Energy and health care weigh on Toronto stock market, U.S. stocks higher
This is a file image of various stocks.
TORONTO -- A hefty pullback in the shares of discount retailer Dollarama and some big names in the marijuana business pushed Canada's biggest stock market down in Thursday trading.
The S&P/TSX composite index closed down 47.31 points to 16,001.71, after hitting a low of 15,987.21 on 221.6 million shares traded.
Dollarama was unquestionably the big story of the day, said Michael Currie, vice-president and investment adviser at TD Wealth.
Its shares were the worst TSX performer of the day, closing down 17 per cent to $43.12 after missing analyst forecasts in its second quarter.
"The numbers didn't look that terrible," he said in an interview.
"What really hit them is this is the second time they had a bit of a miss...Expectations were so high it didn't take much bad news to knock them down sharply."
Currie said Dollarama has been an investor favourite that has always justified its high trading valuation by coming out with good news quarter after quarter. It even increased its margin forecast on Thursday.
"I think you've got people acting a little bit spoiled by nothing but fantastic numbers and when you are at a high valuations again you're at a risk for a bigger drop for even a small miss," he added.
Its losses drove a nearly two per cent decrease for the consumer discretionary sector, the second worst performer on the day.
Another volatile day for Canada's largest cannabis companies also had an impact on the TSX and caused the health-care sector to drop by 8.7 per cent.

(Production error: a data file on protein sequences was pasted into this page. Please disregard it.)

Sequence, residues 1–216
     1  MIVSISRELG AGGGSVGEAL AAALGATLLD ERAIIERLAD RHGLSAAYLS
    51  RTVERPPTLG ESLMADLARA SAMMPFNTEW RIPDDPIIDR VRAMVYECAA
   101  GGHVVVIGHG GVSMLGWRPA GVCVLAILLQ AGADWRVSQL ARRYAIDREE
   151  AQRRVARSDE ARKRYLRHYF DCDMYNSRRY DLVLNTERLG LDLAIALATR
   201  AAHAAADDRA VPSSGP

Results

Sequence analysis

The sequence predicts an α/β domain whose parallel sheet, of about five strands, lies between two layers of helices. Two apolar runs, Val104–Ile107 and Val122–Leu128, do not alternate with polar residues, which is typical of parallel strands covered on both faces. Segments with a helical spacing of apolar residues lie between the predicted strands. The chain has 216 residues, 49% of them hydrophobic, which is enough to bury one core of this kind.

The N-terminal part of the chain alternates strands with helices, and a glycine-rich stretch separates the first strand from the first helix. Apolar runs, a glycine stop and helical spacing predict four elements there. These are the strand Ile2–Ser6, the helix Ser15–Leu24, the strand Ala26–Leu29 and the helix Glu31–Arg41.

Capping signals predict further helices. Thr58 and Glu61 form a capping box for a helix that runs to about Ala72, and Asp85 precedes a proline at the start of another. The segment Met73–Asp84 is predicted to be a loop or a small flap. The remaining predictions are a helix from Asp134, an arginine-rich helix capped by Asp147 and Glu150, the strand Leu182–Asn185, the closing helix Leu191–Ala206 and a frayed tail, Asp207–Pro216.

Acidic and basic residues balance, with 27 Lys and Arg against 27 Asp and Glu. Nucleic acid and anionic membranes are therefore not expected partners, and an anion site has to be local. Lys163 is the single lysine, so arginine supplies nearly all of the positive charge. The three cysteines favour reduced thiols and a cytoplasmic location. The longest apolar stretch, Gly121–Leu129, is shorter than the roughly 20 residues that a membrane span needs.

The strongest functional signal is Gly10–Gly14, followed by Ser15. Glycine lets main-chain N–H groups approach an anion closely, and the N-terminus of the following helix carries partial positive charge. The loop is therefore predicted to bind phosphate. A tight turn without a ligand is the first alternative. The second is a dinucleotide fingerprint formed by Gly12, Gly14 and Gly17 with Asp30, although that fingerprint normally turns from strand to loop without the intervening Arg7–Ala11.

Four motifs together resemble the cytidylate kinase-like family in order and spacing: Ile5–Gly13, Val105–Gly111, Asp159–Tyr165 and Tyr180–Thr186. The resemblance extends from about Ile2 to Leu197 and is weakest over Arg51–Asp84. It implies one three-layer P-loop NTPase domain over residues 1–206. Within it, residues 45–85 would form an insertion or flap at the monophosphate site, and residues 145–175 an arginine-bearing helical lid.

Base metals performed the best, followed by real estate, information technology, utilities, financials and industrials.
In New York, the Dow Jones industrial average was up 147.07 points to 26,145.99. The S&P 500 index was up 15.26 points to 2,904,18, while the Nasdaq composite was up 59.48 points at 8,013.71.
The American markets were helped by Apple Inc., whose 2.4-per-cent increase following the introduction of new smartphones helped the key technology sector.
The Canadian dollar was trading at an average of 76.94 cents US compared with an average of 76.84 cents US on Wednesday.
The U.S. greenback fell again Thursday as the consumer price index rose less than expected in August, suggesting that the pace of interest rate hikes could be slower than observers were anticipating, said Currie.
The October crude contract was down US$1.78 at US$68.59 per barrel, as it fell two per cent from Wednesday's four-month high.
"I think it's just a little bit of a pullback on what's been a really nice run for oil," he said.
The October natural gas contract was down 1.2 cents at US$2.82 per mmBTU.
The December gold contract was down $2.70 at US$1,208.20 an ounce and the December copper contract was up 0.7 of a cent at US$2.68 a pound.